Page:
Finally, the call to be in the image of God means that we are intended to be co-creators with God. The Ancient Near Eastern creation myths tended to say humans were created as servants for the gods (that is, the priests and the king–those who were the representatives of the gods). But Genesis emphasizes that we are created to be creators with God. God names the spaces in the start of the first creation story (e.g., light, sky, land) but not the many animals that fill those spaces in the latter part of the story. Yet in the second creation story, God creates various animals and brings them to the human to name. It is the first act of co-creation. We are created not only to think and to be self-aware but to be creative. Music, art, dance, science, technology–all of these flow out of us. We are the only creature who can imagine things that are not (such as communicators in Star Trek or radio-watches in Dick Tracy) and decades later create those imagined things (smartphones–especially the original flip phones–and wearable technology). The call to co-create carries throughout the Bible into the new creation of the Revelation. We do not find a return to a garden at the end of the Bible but the emergence of a city that has a garden within it.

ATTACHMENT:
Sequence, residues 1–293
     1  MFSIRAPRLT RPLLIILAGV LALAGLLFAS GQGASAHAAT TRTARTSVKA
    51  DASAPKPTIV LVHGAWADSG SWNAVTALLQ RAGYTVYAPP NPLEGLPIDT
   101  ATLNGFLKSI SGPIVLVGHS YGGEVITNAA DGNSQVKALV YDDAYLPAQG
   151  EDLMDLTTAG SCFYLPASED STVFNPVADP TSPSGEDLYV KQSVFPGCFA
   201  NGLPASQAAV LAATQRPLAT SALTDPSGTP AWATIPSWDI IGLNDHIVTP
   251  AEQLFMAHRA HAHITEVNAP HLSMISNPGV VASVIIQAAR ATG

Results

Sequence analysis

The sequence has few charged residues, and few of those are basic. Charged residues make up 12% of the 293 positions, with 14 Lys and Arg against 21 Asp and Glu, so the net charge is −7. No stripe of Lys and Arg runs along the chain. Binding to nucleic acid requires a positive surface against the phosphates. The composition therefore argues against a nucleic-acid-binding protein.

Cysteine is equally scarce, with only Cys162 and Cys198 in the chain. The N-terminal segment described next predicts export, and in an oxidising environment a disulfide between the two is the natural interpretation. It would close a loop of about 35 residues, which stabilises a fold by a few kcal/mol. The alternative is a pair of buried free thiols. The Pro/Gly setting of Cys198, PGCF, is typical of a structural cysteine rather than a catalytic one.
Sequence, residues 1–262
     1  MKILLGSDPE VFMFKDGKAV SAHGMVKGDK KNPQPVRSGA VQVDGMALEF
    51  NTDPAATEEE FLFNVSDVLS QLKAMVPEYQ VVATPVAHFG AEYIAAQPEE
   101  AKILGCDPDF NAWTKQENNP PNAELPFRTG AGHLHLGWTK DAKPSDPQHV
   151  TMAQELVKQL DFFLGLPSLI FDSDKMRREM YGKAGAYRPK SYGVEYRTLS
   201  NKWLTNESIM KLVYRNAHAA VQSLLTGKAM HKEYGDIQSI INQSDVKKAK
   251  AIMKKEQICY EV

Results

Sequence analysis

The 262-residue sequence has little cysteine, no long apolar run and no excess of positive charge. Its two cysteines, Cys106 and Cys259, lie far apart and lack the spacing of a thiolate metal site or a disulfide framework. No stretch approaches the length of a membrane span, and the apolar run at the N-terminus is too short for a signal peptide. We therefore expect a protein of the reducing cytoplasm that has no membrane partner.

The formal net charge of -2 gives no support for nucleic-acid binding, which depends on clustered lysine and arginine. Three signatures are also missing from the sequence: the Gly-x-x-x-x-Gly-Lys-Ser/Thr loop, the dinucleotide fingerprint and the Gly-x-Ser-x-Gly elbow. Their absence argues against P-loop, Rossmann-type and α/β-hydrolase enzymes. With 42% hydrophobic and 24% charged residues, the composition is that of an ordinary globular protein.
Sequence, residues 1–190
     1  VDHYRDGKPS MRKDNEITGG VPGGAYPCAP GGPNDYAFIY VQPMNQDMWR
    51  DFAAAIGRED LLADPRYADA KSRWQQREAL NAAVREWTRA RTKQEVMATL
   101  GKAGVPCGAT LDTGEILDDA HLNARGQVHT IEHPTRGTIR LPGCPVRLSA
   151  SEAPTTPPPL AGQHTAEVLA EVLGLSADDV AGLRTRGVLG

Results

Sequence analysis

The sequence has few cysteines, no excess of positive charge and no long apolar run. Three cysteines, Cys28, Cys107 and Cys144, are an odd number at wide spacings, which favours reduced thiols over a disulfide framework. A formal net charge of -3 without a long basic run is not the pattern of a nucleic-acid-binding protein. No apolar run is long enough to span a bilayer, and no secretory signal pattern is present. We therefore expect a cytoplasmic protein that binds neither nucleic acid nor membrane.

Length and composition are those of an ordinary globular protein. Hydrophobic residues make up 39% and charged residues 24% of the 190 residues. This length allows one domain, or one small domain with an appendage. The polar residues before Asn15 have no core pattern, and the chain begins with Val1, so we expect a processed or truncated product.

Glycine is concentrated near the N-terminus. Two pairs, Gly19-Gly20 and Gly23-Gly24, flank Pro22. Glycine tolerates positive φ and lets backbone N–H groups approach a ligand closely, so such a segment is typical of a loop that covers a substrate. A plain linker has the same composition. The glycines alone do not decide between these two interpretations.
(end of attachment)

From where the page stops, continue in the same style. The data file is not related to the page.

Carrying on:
So if humanity was created to be image-bearers, to live in community, to reflect God to one another, to rule over God’s creation for him, and to co-create with him . . . why is the world the way it is? Genesis 3 talks about a fall that changes humans in some manner so that we are exiled from the presence of God, while the rest of the Bible is about God’s restoration of creation. It is like we are mirrors intended to reflect God to one another but our mirrors are now shifted so that they do not reflect properly. Some reflect a partial image. Others may be warped so the image is skewed. Yet others have moved so much that there is not even a partial reflection of God remaining. This is what we often call sin and it impacts all of us, non-Christians and Christians alike.
This fallen image leads us to the final idea from the passage. We are reimaged for the new creation. The New Testament refocuses us on Jesus of Nazareth, the Messiah. He is said to be the image of the invisible God. Christians are called to put off the old man (Adam) and put on the new man (Christ), an action which helps renew us as the image of God. That is, we consciously strive to stop living a life of sin and start conforming our life to the image of God’s Son, Jesus. Day by day we continue this process, though it will not ultimately be fulfilled until the resurrection from the dead.
This resurrection will take place in a new creation. While many Christians today speak of “going to heaven,” that is not a concept found in the Bible itself (at least, it is not the primary goal). God’s creative work is still ongoing. Those who are baptized into Christ and follow him already are the first glimpses of this coming new creation, which Peter says in his second letter will culminate in a new heavens and new earth of righteousness after this creation is destroyed by fire. But interestingly, both 2 Peter and the Revelation do not use the Greek word for “brand new” (neos) but the one for “refurbished” or “renewed” (kainos). God will not destroy this creation but will renew and restore it so that finally heaven and earth will be united.